The reason the test is impossible is benefits and the discount rate vary highly among individuals. I may value an extra month of life much more highly than my wife or my neighbor. I may also value money today differently than moeny in the future. And finally, my willingness or ability to pay influences all of the above.

    So on any given procedure for any individual at any point in time, there will be an outcome. The test requires one to create some form of average or point in the distribution to test but in doing that, one over or underestimates the NPV for almost every individual. As a consequence, the deadweight loss of this approach is enormous.

    So while it is conceptually possible to conduct this test at some point and on average, it is impossible to get anywhere close to a utility optimizing solution using it.

    Beyond the theory, there are policy issues. Even if we could this, we wouldn’t. Politicans will always fudge the math and make out year assumptions that make the costs look lower than they are. For fun, I will try a version of step 3.

    “Our plan, by having the federal government stop paying for/subsidizing anything other than catastrophic coverage and well baby care is estimated to reduce federal spending by hundreds of billions of dollars per year over the next 10 years. As a consquence, we will be reducing the current Medicare tax by 50% and making health coverage available to millions of Americans by removing any mandatory elements to health insurance beyond well baby care and catastrophic coverage. As a result, insurance will become cost accessible to all people above the poverty line. Illegal immigrants will not be covered but will be eligible to buy catastrophic coverage if they choose to do so.”

  2. comment number 2 by: BillSmith

    What’s your number for catastrophic coverage? Individual / Families? Would it move up with incomes?

  3. comment number 3 by: SteveinCH

    Catastrophic coverage would be directionally, all expenses above a fixed number, more like auto insurance. I’m fine with numbers between $2000 and $10000. I think you could then offer subsidies to those who truly need it below the threshhold.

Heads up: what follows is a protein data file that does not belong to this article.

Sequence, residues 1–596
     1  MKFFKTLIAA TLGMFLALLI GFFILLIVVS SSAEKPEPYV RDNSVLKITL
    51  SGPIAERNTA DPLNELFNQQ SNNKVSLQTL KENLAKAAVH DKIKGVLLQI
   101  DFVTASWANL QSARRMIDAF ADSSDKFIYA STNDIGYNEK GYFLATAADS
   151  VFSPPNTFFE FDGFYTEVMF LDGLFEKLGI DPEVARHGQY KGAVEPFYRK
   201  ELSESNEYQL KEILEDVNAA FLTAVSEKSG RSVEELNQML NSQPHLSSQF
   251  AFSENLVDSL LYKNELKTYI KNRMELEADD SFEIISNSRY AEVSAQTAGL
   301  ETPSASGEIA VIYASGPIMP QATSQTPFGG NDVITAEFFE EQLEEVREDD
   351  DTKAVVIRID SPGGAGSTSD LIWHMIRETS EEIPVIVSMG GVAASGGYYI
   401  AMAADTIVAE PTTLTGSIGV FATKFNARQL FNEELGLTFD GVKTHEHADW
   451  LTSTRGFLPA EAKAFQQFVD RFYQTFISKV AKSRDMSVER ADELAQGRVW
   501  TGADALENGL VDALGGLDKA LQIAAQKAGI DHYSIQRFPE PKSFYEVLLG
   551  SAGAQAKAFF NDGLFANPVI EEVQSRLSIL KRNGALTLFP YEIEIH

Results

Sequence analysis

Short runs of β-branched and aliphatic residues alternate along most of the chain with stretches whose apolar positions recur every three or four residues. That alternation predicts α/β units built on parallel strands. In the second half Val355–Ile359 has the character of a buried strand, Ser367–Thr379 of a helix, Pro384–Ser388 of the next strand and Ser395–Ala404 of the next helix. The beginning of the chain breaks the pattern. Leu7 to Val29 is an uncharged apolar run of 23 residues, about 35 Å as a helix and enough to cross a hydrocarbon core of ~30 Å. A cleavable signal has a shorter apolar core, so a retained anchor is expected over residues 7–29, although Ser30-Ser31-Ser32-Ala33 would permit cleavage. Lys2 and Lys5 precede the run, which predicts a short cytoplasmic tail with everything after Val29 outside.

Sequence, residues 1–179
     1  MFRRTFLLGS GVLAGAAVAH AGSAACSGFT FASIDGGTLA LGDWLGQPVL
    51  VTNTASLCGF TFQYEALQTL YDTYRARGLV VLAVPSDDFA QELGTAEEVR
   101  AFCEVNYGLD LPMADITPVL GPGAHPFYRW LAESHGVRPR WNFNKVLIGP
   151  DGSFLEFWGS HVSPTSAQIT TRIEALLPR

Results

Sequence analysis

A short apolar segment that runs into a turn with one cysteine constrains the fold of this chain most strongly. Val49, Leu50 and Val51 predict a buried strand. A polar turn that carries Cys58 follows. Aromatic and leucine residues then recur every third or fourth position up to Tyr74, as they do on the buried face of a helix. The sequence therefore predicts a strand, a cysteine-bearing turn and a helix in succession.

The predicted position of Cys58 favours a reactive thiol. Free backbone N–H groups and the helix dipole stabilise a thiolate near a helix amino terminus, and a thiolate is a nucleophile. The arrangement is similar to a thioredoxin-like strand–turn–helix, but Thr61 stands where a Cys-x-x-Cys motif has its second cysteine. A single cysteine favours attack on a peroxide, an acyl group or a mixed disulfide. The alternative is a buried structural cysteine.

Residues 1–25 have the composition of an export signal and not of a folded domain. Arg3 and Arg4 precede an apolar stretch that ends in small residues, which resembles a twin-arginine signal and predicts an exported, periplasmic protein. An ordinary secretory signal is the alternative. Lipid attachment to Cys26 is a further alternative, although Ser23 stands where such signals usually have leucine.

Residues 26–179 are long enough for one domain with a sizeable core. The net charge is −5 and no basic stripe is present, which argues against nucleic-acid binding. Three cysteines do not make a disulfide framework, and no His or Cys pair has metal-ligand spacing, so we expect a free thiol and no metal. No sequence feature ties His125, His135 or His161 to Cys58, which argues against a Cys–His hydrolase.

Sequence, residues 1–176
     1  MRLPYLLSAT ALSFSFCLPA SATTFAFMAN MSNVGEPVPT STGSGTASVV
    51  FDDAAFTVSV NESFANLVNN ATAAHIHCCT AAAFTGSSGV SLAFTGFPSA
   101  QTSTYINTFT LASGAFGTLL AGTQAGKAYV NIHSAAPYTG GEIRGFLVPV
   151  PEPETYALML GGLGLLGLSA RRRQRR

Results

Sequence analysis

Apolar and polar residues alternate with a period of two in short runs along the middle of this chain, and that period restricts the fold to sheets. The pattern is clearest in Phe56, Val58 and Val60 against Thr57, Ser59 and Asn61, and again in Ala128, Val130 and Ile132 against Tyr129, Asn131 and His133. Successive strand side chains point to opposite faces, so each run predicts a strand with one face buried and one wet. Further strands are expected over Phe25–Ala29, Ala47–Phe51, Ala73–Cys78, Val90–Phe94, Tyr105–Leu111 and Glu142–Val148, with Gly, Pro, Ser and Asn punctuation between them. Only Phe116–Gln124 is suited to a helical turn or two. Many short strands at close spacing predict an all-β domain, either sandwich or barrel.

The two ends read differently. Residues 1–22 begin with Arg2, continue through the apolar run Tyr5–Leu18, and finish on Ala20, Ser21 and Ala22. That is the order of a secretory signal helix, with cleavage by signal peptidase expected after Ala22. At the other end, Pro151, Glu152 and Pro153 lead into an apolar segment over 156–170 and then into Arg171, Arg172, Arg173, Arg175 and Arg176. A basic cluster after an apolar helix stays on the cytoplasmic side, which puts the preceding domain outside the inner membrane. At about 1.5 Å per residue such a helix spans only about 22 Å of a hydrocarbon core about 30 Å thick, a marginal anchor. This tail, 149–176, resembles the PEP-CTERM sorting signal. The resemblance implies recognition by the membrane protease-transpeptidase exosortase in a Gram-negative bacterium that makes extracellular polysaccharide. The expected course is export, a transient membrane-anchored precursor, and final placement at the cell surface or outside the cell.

4. comment number 4 by: Brooks

    Diane — didn’t you hear? It’s simple. Obama explained it very clearly. Everyone will get the beneficial blue pill, avoid the completely benefit-less red pill, and we’ll all be healthier and wealthier* (and wiser).
    (* Well, everyone wealthier except the evil maker of that red pill.)

    Seriously, great post.

    Of the two points I was going to raise, Steve hits on one: difference in value different people associate with different types, levels and quality of healthcare and related benefits (or increased probability of benefits). Having the same set of restrictions on coverage apply to everyone covered (or whose insurance is subsidized) by the government (i.e., the taxpayers), rather than would bring the typical inefficiencies of government rationing (”inefficiencies” in the sense of allocation of resources that are not aligned well with the value that people attach to alternative uses, related to the deadweight loss you mention). Which leads to the question of to what extent and how consumers (patients) should bear the cost of care so that (1) each consumer can seek to maximize value for himself, and (2) in aggregate, spending will be more efficient in the resource allocation sense (and, as a result, probably also in every sense of efficiency because providers will have more incentive to provide high value [benefits per dollar]). Granted, people with government coverage or subsidies generally wouldn’t have a lot of room to pay for healthcare, but more incentives would be better than fewer in this regard, and I assume some system could be structured such that people in these segments could essentially choose between ending up with more cash from the government or getting more healthcare, or between getting more insurance coverage (or more specific healthcare) of one type vs. another. Although not perfectly analogous, the basic idea of my “Barry vs. me” contrast applies to this efficiency issue